Biasing Help...From The Ground Up

Discussion - HT Venue amplifiers. Inspiration from Studio to Stage.
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iceman823
Posts: 2
Joined: Tue Feb 21, 2017 7:44 pm

Tue Feb 21, 2017 7:59 pm

Hello,

I've looked around a lot and while I've found some info regarding biasing the HT series amps, I'm hoping someone can help me understand a few things.

The amp in question is a HT Club 50 head.

1) Are these cathode biased, fixed non-adjustable bias or fixed adjustable biased?
2) If cathode, will any rating of EL34 work?
3) If biasing is needed, do I need anything other than a multimeter?
4) What are the recommended values for the bias?

Any and all help is greatly appreciated!

My only experience biasing is with a handwired Port City Pearl head and I had the designer walking me thru that via email. The Club 50 is bound to be a very different beast though. Just trying to get as much info as I can since I can't even find the right link to ask Blackstar about it. Detailed biasing info for these amps seem to be very limited.

Thanks!

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8len8
Posts: 61
Joined: Sun May 08, 2016 8:26 pm

Tue Feb 28, 2017 12:38 am

If you don't know how to bias an amp properly you can literally kill yourself. There are hundreds of volts in the chassis.

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thephantum
Posts: 1160
Joined: Wed Jan 29, 2014 7:42 pm
Location: Virginia, United States

Tue Feb 28, 2017 6:43 pm

Voltage isn't the issue, it's the amperage. Sure, there's hundreds of volts in a guitar amp, but there's tens of thousands in a static electric shock. The difference is in the current levels. A static shock has high voltage, but very low current. Guitar amps have lower voltage, but the current levels can kill you.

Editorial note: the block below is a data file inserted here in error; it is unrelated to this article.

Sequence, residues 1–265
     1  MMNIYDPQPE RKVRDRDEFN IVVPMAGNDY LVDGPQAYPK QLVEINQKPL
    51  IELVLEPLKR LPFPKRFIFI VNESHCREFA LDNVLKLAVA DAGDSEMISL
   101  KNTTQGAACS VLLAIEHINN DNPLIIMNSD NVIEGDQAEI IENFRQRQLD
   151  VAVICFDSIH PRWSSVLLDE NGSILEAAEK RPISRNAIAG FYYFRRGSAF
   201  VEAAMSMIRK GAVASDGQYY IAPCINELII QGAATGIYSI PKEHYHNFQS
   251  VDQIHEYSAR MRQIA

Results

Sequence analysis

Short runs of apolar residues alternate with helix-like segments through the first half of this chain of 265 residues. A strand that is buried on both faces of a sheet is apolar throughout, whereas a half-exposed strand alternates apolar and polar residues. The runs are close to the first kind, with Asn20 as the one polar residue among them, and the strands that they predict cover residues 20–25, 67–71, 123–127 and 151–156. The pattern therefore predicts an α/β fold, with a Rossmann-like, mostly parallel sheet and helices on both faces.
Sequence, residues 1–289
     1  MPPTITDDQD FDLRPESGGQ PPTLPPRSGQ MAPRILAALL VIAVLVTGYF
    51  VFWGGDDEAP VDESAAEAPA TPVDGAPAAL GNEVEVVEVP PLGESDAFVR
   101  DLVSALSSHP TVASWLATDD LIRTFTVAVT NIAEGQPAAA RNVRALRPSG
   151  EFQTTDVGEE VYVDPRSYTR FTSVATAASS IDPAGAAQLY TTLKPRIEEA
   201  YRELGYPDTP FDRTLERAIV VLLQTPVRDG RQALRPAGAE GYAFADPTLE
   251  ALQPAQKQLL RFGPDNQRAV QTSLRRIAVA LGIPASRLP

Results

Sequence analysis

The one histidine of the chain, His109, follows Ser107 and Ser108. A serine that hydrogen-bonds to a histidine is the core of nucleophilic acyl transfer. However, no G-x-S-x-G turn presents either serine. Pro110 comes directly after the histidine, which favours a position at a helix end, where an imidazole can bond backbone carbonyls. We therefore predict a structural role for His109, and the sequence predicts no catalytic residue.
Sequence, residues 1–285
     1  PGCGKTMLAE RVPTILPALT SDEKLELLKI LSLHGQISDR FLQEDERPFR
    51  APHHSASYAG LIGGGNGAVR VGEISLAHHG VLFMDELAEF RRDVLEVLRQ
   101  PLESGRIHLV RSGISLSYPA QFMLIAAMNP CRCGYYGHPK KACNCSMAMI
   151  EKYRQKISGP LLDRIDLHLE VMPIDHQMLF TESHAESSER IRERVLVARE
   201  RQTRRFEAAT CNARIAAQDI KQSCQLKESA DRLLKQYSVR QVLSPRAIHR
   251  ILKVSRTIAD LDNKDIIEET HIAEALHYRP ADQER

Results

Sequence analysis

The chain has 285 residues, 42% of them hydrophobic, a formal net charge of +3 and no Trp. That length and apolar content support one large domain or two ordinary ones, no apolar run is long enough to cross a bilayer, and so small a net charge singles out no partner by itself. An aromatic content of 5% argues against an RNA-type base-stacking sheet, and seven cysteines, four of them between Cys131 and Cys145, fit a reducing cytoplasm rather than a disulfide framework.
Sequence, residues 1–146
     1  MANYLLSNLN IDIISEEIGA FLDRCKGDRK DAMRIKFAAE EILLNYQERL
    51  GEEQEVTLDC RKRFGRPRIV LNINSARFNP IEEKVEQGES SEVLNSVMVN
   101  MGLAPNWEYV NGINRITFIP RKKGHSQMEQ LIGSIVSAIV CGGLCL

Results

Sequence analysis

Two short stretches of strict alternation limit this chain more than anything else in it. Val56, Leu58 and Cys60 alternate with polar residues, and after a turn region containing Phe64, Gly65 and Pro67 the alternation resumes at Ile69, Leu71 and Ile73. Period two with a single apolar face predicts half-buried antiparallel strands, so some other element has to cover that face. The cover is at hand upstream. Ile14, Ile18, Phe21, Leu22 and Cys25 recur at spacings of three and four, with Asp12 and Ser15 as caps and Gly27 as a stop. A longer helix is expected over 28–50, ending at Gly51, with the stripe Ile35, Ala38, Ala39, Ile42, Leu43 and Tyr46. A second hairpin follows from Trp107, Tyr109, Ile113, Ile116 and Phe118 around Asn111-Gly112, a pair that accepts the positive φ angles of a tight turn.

To answer the specific questions:
  • 1) With the exception of the HT1, the Venue series are all Class AB amps in a pull pull configuration with fixed adjustable bias.
    2) You can use any pair of EL34's, 6CA7's or KT77's, but they must be manually biased.
    3) One multimeter will do the job, but it's much quicker to use at least two so you can take a measurement on both tubes simultaneously (makes setting balance much easier)
    4) There is no such thing as "recommended values" for bias. Anyone who tells you there is does not know what they are doing
.
Personally, I use bias probes and four meters so I can see plate voltage and bias current, at the same time, for a push pull pair. Makes dialing in an amp really quick and easy.

You also need to insert a 1w, 1 ohm resistor between the Cathode (pin 8) of each tube and ground to do the bias measurement. That's another reason I prefer probes since they do that for me and I don't have to modify the amp.

Read this post for more info.
http://www.blackstaramps.com/forum/view ... 093#p24420

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